Put simply, customers do not yet trust these relatively untested, young start-ups to take care of their long-term retirement funds. This gives Financial Brokers and traditional players a real opportunity to take advantage of their established reputations. The advice of a Financial Broker is key here.
To build on this, and compete effectively with FinTechs, traditional insurers must act faster to embrace new technologies – to not only service their customers better but to also attract the next generation of talent. Widespread use of automation and self-service can help to achieve a level of cost efficiency that allows both asset growth for customers and profit margin for the provider. Several established European insurers are already making efforts to improve these capabilities – often in partnership with FinTechs and other start-ups.
Covid-19 could also provide the push needed to help insurers make this leap and provide the digital tools that customers are demanding. The lockdown restrictions that came in across Europe have increased demand for online solutions that offer peace of mind and ease of use such as electronic signatures and document exchange. With these initiatives, organisations can provide the kind of personalised guidance and support that builds lasting customer trust and loyalty.
The insurers that will thrive in this new normal will offer their Brokers and customers not only the products they need to aid them in realising their financial and life goals, but also the support, advice, expertise and personalised user journeys that they have come to expect from all industries.
As we’ve mentioned, the pressure from low and negative interest rates is of particular concern in Europe, where regulations surrounding solvency make it more difficult for insurers to offer traditional products backed by a life fund. With rates below 1%, costs are a key differentiator for long-term investment providers.
The focus is a gradual shifting towards unit-linked products, thereby reducing insurers’ exposure to financial market risks while at the same time transferring those risks to customers. This is a growing cause for concern by regulators and has been called out by EIOPA as a risk to watch. However, it remains to be seen whether this strategy will work in the long run. Insurers must still lean toward their unique selling proposition: risk protection. Protection from both biometric and financial risk should not be abandoned in favour of performance-oriented products. However, it is a difficult balance to strike. To give themselves the best chance of success, insurers will have to work hard to transform their organisations. Investing heavily in technology will help reduce costs and increase the range of ancillary services that will favour the customer’s overall well-being.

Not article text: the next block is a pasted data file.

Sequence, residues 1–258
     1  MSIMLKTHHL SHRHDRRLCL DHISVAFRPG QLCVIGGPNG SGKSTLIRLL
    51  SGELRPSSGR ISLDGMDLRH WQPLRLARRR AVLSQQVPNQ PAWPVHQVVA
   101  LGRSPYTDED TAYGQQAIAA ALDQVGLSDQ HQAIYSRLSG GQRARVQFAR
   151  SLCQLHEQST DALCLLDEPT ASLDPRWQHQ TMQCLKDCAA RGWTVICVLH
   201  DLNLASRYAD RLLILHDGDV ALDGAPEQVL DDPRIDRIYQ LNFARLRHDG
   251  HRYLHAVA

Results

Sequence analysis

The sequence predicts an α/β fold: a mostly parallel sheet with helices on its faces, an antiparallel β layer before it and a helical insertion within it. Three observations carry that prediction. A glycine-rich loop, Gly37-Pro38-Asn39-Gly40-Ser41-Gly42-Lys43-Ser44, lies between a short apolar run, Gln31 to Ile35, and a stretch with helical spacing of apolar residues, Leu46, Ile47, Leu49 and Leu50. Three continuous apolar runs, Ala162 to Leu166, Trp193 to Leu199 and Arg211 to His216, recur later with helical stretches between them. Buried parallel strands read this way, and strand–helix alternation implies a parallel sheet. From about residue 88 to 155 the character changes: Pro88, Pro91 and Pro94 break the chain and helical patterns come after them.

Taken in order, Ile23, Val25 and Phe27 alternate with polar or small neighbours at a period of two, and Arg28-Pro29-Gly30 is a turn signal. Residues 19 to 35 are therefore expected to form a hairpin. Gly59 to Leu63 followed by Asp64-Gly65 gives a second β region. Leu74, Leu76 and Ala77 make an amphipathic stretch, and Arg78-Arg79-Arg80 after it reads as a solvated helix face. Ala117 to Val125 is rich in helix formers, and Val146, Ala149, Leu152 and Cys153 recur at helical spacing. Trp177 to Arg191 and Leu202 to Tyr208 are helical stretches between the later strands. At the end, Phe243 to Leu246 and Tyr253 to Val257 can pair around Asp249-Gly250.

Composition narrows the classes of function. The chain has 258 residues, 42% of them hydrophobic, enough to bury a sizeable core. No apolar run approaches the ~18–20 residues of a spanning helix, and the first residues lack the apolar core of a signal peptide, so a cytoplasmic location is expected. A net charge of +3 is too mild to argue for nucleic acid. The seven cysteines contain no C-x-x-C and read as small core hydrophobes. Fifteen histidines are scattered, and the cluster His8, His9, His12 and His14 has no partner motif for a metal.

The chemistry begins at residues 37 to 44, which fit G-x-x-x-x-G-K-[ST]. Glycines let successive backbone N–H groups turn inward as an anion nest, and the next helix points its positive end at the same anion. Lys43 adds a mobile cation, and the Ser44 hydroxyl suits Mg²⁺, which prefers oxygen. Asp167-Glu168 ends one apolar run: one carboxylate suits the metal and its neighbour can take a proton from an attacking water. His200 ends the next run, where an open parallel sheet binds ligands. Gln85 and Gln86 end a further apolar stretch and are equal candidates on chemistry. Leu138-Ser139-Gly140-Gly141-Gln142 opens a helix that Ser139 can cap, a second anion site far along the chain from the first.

Accumulated savings will serve different retirement needs for different customers. To accommodate each customer, insurers will have to provide an ecosystem of evolving products and services (also by partnering with Brokers). Here, health services are a natural integration. Several insurers now offer combinations of health and retirement products.
The insurers that will thrive in this new normal will offer their Brokers and customers not only the products they need to aid them in realising their financial and life goals, but also the support, advice, expertise, and personalised user journeys that they have come to expect from all industries. Here, an effective use of technology will be key to both providing the levels of service required and improving insurers’ efficiency. This, in turn, is crucial to increasing individuals’ confidence in being able to save for a comfortable retirement – and society’s ability to meet the needs of an aging population.
This article “Life Insurers meeting the challenge head on” first appeared in the December 2020 issue of Irish Broker. Don’t hesitate to reach out if you have a question.